Whether someone has committed a crime or not, they deserve medical care. A report published this year surveyed pregnant women from 2016-2017 in a sample of state prisons and all federal prisons. It found that there is no universal standard of care for incarcerated pregnant women. In 2008, only 23% of New York prisons gave pregnant women full access to maternity care. Some states don’t even guarantee basic prenatal care. Yet, women are the fastest growing population in the US prison system.
Even when they receive basic care, women are still denied healthy prenatal diets, and they often don’t get enough of the food available to sustain a healthy pregnancy. Prison diets lack complex nutrients, which increases risk of gestational diabetes, high blood pressure, preterm birth or low birth weight, and a dangerous prenatal condition called preeclampsia. In many places, laboring women are also shackled when they’re transported to the hospital and then cuffed to the hospital bed while they give birth.
Furthermore, medical inequality in the prison system disproportionately affects black and Latina women. Latina women are incarcerated 1.3 times more frequently than white women. Black women already suffer from higher rates of maternal mortality than white women. They are incarcerated twice as frequently as white women, and are 3-4 times more likely to die from pregnancy and birth-related complications. If black women are dying in good hospitals, what will happen to them if they are left without medical care in a jail cell?
90% of births in US prisons resulted in no maternal or fetal deaths in 2016-2017, but mostly because women’s bodies are programmed to preserve pregnancies, not because the prison system supports them. 80% of women in prison are mothers, which means around 170,000 women are currently separated from their children. Traumatic pregnancies and births are just adding insult to injury. They’ve been through a mother’s hell. Federal and state governments need to create universal laws with specific standards for pregnant women in prison, based on medical standards of care. How do we make this happen?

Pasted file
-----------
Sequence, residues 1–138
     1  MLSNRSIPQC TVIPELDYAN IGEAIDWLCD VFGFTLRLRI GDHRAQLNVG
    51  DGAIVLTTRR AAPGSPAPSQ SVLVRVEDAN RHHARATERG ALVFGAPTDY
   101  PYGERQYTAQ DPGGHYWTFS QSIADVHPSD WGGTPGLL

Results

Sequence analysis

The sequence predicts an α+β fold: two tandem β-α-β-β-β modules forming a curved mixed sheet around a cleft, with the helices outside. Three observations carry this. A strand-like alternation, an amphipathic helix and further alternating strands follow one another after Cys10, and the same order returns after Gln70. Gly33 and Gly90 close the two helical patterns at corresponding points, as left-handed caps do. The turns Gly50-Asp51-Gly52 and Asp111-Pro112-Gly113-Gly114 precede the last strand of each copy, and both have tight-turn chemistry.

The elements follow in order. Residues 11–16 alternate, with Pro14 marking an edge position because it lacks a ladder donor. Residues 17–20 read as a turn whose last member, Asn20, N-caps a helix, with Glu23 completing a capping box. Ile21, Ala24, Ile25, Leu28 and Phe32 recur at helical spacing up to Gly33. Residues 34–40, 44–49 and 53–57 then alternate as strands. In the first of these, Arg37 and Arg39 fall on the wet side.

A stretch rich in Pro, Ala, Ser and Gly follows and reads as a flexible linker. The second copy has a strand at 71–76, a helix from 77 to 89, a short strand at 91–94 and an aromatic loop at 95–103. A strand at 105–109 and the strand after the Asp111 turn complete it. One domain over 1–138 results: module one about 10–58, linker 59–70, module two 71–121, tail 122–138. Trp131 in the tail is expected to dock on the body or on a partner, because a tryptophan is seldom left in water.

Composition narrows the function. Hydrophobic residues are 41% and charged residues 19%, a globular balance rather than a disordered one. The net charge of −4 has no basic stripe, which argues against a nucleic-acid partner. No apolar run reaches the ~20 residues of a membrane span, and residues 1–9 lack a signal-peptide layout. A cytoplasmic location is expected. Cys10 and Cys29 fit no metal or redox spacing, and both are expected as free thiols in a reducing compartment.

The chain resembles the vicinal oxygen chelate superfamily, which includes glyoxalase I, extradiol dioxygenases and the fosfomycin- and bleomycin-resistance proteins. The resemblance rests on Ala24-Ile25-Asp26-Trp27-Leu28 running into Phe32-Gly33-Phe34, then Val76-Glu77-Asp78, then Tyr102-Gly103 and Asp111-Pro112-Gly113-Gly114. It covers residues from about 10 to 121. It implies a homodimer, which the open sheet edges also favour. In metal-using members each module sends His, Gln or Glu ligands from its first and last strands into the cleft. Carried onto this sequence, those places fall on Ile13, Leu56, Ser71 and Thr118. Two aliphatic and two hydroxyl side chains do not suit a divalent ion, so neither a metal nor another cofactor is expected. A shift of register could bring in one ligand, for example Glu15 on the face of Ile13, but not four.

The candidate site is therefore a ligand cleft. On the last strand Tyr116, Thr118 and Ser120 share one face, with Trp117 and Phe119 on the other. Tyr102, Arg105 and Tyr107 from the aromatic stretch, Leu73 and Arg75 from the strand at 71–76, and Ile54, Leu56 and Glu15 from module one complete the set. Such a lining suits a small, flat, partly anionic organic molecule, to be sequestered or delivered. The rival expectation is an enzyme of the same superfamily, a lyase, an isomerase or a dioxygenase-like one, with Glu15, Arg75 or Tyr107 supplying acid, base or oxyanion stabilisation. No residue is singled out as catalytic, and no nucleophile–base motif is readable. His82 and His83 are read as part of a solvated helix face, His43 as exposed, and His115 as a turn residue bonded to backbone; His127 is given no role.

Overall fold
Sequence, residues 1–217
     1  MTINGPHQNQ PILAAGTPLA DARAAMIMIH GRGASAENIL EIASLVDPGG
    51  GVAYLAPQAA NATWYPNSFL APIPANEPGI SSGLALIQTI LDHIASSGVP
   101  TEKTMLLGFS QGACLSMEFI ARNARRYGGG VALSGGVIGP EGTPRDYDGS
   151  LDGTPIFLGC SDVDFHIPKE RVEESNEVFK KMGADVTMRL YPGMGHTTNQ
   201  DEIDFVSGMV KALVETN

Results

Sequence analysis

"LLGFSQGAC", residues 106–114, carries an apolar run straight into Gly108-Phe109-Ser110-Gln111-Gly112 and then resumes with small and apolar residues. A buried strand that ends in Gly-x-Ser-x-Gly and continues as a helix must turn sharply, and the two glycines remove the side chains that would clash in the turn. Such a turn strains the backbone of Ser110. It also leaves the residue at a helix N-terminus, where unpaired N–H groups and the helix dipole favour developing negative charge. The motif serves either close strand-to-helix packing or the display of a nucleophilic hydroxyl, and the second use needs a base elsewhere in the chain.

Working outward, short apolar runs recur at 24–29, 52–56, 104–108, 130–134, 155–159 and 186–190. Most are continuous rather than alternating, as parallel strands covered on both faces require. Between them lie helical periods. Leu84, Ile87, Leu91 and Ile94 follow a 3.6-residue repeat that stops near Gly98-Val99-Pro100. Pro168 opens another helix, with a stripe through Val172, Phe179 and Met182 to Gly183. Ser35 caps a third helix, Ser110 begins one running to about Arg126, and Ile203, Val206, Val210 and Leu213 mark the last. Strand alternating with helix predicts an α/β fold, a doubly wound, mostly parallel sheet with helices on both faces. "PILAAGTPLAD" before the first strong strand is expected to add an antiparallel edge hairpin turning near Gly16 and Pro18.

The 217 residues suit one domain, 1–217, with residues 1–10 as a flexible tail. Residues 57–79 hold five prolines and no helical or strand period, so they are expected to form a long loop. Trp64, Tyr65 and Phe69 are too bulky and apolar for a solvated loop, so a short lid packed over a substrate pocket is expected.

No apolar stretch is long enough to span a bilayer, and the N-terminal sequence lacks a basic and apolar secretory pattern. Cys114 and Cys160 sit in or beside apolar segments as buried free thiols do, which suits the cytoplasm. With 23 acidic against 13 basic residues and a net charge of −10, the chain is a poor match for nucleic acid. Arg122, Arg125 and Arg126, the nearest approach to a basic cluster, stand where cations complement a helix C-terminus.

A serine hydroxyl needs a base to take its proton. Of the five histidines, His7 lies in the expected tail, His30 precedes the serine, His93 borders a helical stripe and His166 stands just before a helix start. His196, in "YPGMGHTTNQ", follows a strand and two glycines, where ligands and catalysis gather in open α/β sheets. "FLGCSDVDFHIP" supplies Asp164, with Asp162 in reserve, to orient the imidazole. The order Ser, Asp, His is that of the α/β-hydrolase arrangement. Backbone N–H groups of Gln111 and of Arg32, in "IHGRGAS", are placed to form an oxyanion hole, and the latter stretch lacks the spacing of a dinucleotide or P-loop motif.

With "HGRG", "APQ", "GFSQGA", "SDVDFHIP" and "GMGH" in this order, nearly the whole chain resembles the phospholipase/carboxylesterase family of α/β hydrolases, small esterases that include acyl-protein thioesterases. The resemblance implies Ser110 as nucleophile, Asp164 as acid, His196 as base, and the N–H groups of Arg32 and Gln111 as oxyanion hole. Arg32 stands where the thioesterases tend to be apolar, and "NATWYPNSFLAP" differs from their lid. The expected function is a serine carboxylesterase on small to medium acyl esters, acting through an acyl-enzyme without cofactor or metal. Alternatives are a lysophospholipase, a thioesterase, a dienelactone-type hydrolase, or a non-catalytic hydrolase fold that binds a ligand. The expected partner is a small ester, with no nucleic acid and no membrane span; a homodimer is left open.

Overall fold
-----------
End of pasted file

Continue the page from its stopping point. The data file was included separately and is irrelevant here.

In 2017, Senators Elizabeth Warren and Cory Booker championed legislation that prevents women in federal prison from being shackled during childbirth, sent more than 500 miles from their nearest family member, and from having to buy tampons.
In April, they reintroduced the larger bill, the Dignity for Incarcerated Women Act, which will expand and improve care for incarcerated women. It would require the Federal Bureau of Prisons (BOP) to establish fair visitation policies, provide parenting classes, supply free hygiene products and ibuprofen, stop charging for phone calls, make free video conference available, prevent male staff from entering women’s restrooms other than in emergencies, and provide “trauma-informed care” and train guards to adequately care for survivors of trauma. It would also require federal prison oversight from the Justice Department. The Dignity Act should be adopted by states as well.
Anyone reading this article probably knows that the prison system is a hot mess. I’m pretty sure when someone fails to prevent a murder or knows about a murder and doesn’t do squat, it’s called accessory to murder. The government and the prison system are accessories to murder. Every time a mother or child dies or gets hurt because they weren’t given basic medical care, it’s on the system. Head over to the Action page to figure out how you can help improve the prison system for incarcerated women and parents.